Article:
El Dorado Reservoir Fishing Report -
Species Rating Size Baits, Method & Location
Zebra Mussels    

Zebra mussel veligers (larval zebra mussels) are too small to be seen with the unaided eye and they can be found in boat livewells, minnow buckets, boat bilges, water toys and anything else that is capable of holding even a small amount of water.

Be sure to drain all equipment before leaving the lake to avoid moving veligers to other waters. THIS INCLUDES MINNOW BUCKETS AND BOAT LIVEWELLS AND BILGES!!!

CLEAN DRAIN & DRY Every Lake, Every Time!

Click HERE to learn how to prevent the spread of zebra mussels.  REMEMBER!! Zebra Mussels are also present in the Trout Area below the dam!!

Wiper Fair to Good up to 25 inch

Be sure to properly ID your catch as there is there is an 21-inch minimum length limit and 2/day creel limit on wiper.. Click HERE for tips on identifying wipers.

Windy points and mainlake humps on plastics, crankbaits, and spoons.  Fish are busting shad on top early morning and late evening.

White bass Fair to Good up to 16 inch

Wipers can be caught along with white bass so it is important to properly identify your catch before putting it on a stringer. Click HERE for tips on identifying wipers.

White bass report similar to the wiper report.  Small jigs, Roadrunners, and spinners are all good selections.

White Perch Fair up to 6 inch

Click HERE for info on properly identifying white perch.

Small hooks and live bait in water 8 to 16 feet deep over rocky areas or old roads.  White perch will also hit a variety of lures such as jigs, spoons, and crankbaits.

Crappie Fair up to 15 inch

20/day creel limit effective January 1, 2018.

8 to 16 feet deep near brush or flooded timber.  Jigs or minnows.

Catfish Fair to Good up to 37 inches

There is a 25 to 35 inch protective slot limit on blue catfish and a 5/day creel with no more than 2 blue catfish over 35 inches.

A blue catfish tagging project in underway at El Dorado.  Please see the information below in the General Comments section for all the details!

Blue catfish have been caught near river channels and breaks this week on fresh shad or other fresh cut bait.  

Walleye Fair up to 26 inch


Most walleye are being caught by trolling crankbaits along roads, edges, and humps.  Vertical jigging 3 to 4 inch swim baits is also producing some walleye.

General Comments

Normal Pool, releasing 0 CFS. Click Here for the most up to date lake level information.

ZEBRA MUSSEL & WHITE PERCH WARNING! El Dorado Reservoir and the Walnut River below the reservoir contain zebra mussels and white perch. Take zebra mussel control precautions when leaving the lake, Trout Area, and Stilling Basin. For information on Zebra Mussels click Here.

Blue Catfish Tagging Project Underway at El Dorado

Blue catfish – native to major river basins in eastern Kansas – can reach massive sizes. Kansas’ current state record was caught from the Missouri River, weighing in at more than 100 pounds. As blue catfish populations become established in Kansas’ largest reservoirs, popularity of this species among anglers also continues to grow. One such growing fishery can be found in El Dorado Reservoir.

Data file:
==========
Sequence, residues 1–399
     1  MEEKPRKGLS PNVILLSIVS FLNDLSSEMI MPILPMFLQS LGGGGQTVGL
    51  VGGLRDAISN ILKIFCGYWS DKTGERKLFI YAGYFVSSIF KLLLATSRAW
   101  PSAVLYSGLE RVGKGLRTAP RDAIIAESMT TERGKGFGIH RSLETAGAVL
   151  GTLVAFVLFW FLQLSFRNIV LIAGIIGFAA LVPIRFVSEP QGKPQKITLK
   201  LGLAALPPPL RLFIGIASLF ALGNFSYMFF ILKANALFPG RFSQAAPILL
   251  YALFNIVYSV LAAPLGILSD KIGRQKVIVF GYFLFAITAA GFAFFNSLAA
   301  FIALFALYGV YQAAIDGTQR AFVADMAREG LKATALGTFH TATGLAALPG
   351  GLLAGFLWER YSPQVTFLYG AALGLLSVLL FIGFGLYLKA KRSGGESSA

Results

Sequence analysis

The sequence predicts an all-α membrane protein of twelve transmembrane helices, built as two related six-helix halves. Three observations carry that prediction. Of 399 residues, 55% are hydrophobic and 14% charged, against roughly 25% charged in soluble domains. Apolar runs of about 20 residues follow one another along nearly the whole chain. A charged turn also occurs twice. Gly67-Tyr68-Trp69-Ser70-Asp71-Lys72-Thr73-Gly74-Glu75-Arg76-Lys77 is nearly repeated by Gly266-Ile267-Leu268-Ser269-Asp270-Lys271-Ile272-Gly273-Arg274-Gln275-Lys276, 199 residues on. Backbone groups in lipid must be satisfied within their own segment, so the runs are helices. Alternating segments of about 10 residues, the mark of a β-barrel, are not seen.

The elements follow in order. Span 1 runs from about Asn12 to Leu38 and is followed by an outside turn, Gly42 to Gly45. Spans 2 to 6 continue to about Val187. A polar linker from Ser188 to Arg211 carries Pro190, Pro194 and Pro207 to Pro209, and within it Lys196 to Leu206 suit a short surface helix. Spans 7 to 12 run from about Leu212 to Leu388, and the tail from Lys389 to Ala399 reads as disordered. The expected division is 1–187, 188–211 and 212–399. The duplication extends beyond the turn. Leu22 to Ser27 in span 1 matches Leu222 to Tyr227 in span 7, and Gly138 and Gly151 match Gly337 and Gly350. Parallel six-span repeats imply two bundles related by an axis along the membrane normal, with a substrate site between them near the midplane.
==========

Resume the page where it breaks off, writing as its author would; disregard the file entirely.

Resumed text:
While many anglers might associate El Dorado Reservoir with monster walleye, hard-fighting wipers, or slab crappie, blue catfish are developing a following in the 8,000-acre impoundment. Blue catfish were introduced into El Dorado Reservoir in 2004 to establish an additional predatory fish population and to provide anglers with a new sport fishing opportunity. Annual stockings occurred for six years, creating a population that first exhibited natural recruitment in 2009. As the population grew, it became apparent that the fishery would benefit from harvest of smaller fish. In 2016, KDWPT implemented a 25- to 35-inch protected slot length limit, five fish daily creel limit, and a maximum of two fish over 35 inches.

As with any new regulation, data is needed to gauge effectiveness. To collect this data, KDWPT Fisheries biologists are tagging up to 2,000 blue catfish in El Dorado Reservoir. Tags will appear as a small yellow vinyl tube beneath the fish’s dorsal fin. Each tag will display an ID number unique to that fish and a phone number to call to report the catch, (620) 342-0658. Biologists hope to gain information about the area’s blue catfish population size, entrainment through the dam, and the fish’s susceptibility to harvest.

Success of this project is dependent on anglers reporting the tagged fish they capture. Information needed during the call will be the length of the fish, date, tag number, and whether the fish was kept or released. Anglers who report their tagged catch will receive an award as compensation for their participation.

Anglers should note that tagged blue catfish that are not legal for harvest must be returned to the water immediately after recording the tag information. If the tagged catfish is legal for harvest, anglers may keep or release the fish. Because part of this study is to evaluate harvest patterns, biologists encourage anglers not to let the presence of a tag influence their decision to keep or release the fish.

If you find a tagged blue catfish on the end of your line this summer, please take the time to call it in. Data collected from these fish are invaluable to fisheries biologists and will only improve angling success in the future.